We all know the story of Javy Vazquez: it took two top prospects to pry him away from Montreal in late 2003 (Nick Johnson and Juan Rivera), but he didn't live up to his lofty expectations in one season with the Yanks. Despite an excellent first half (119 ip, 3.56 ERA, 95 K, 32 BB), he was traded after the season because of a terrible second half and postseason, including an infamous first-pitch grand-slam to then-Red Sock Johnny Damon (that one pitch was most responsible for him being traded away).
In the five years since, he's accrued a respectable 4.09 ERA with the D-Backs, White Sox and Braves. His career-best year occurred last season with Atlanta (219 ip, 2.87 ERA, 143 ERA+, 6.6 WAR, 238 K, 44 B), so in a sense, he has more pressure than any Yankee (especially considering his '04 meltdown). In his favor is that he'll probably be the fourth starter; but while some claim he should be the #2 starter, I have my doubts: he vastly disappointed in his one Yankee season, he's coming off a career year (how many repeat it?), and he's not necessarily better than Burnett or Pettitte.
We also know well the story of Joba Chamberlain, the heralded youngster who blew away hitters in a 24-inning stint in 2007 (with the best ERA+ ever among pitchers with at least 20 innings). Unfortunately, that caused many a fan and media member to view him only as a reliever, despite having started his entire college and pro career before a few relief appearances in Triple-A (due to an innings cap).
The famous quote about him is: 'His ceiling is Roger Clemens and his floor is Jon Broxton.' That's quite a scouting report. We again saw him excel in 2008 when he started 12 times and relieved 30. But 2009 was Joba's toughest year to date: he threw all but one inning as a starter and struggled, posting a 4.76 ERA. Joba did not measure up to other young'ns like Jon Lester, Felix Hernandez, Tim Lincecum and Rick Porcello, so in addition to playing in the pressure cooker known as The Bronx, he gets compared, rightly or wrongly, to his peers. Without any restrictions on his innings cap, everyone is waiting to see if that will be the switch that makes Joba to excel as a starter. If he doesn't, he may be a reliever the rest of his career. So add that to the top of the pressure pile.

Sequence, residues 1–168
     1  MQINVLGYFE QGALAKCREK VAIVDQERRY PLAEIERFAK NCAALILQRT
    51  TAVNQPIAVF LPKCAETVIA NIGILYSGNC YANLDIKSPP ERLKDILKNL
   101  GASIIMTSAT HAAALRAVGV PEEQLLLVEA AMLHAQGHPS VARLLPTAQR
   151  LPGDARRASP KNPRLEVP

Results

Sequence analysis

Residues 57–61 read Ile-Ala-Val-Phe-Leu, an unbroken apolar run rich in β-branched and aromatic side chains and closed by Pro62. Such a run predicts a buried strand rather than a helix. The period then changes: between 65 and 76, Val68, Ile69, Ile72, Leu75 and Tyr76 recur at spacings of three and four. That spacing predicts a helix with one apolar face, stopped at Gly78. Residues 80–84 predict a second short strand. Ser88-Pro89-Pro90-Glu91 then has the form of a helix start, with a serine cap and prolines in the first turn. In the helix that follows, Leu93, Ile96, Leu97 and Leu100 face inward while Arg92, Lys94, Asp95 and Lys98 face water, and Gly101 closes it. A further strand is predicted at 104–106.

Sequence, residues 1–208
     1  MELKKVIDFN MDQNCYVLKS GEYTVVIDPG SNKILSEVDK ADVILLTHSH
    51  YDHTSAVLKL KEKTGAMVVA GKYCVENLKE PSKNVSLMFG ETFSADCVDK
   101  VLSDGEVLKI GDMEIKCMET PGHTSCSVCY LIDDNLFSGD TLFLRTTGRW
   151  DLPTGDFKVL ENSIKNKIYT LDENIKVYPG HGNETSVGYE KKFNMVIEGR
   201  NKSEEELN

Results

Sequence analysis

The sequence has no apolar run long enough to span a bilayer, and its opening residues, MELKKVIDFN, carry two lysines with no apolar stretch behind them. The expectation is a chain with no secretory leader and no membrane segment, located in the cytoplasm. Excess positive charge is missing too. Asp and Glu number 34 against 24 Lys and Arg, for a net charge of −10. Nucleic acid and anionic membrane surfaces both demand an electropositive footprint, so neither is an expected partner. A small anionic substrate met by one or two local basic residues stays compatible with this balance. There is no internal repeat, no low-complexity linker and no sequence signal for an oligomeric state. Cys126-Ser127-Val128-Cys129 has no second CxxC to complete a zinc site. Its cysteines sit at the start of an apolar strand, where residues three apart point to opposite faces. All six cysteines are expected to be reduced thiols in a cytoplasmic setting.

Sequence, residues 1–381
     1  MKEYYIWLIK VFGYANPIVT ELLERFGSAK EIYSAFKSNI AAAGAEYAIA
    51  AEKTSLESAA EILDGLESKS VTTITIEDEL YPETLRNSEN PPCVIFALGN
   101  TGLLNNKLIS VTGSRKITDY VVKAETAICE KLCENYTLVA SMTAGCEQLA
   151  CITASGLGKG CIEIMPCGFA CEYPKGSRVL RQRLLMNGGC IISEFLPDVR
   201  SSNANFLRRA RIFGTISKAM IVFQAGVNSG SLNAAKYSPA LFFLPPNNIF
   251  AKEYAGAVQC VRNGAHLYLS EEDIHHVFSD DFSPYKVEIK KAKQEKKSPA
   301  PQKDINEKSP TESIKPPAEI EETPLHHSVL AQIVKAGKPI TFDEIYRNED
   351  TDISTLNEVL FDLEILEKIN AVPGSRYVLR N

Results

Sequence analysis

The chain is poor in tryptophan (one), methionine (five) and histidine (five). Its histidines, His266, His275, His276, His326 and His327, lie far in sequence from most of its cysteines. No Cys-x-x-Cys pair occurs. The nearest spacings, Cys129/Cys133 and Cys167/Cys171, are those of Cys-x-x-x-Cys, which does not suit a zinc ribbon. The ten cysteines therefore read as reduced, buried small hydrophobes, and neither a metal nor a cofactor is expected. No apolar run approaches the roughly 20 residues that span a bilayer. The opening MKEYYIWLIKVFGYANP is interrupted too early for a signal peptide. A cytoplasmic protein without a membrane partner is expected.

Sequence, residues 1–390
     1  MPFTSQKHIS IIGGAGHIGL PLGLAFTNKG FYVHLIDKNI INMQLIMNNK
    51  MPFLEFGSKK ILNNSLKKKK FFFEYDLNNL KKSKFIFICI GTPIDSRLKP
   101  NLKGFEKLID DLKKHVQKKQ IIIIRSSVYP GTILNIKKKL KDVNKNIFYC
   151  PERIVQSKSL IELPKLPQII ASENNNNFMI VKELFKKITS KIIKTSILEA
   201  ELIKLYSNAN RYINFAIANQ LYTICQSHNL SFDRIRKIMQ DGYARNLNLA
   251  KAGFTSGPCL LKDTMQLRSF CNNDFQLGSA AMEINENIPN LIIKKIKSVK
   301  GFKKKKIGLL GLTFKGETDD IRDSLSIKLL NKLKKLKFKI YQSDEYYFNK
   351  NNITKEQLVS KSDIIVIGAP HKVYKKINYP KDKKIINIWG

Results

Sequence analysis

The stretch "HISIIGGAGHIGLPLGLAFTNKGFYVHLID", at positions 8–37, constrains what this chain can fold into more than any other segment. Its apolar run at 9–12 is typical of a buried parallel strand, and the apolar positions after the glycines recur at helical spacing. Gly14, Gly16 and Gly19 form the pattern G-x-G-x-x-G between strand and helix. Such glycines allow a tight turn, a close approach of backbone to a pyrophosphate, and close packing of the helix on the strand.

One of those peers is Phil Hughes, who's had a similar career path to Joba's; but in 2009, Joba became the disappointing starter while Hughes was the phenomenal set-up man. In fact, Hughes had the best ERA last year of any reliever with at least 40 innings (1.50).
What can we expect from the former first-round pick in 2010? We're reasonably assured of either him or Joba winning the fifth starter spot out of Spring Training; frankly, whoever wins the job will feel significantly more pressure than the other. We know they can both succeed as relievers, but we have yet to see sustained success as a starter from either. Hughes is seen by some as the more viable long-term starting option because of his calm demeanor and near-flawless mechanics. So if he doesn't win the fifth starter's job, it will be seen as a disappointment. And if he's a reliever again, he won't top 80 innings, pushing his starting career back possibly three seasons: going from 80 to 150 innings is a huge jump, and 150 to 200+ is another big jump. Both youngsters have a ton of pressure. It's very tough for pitching prospect to succeed with the Yankees. If they don't succeed right away, people call for their heads.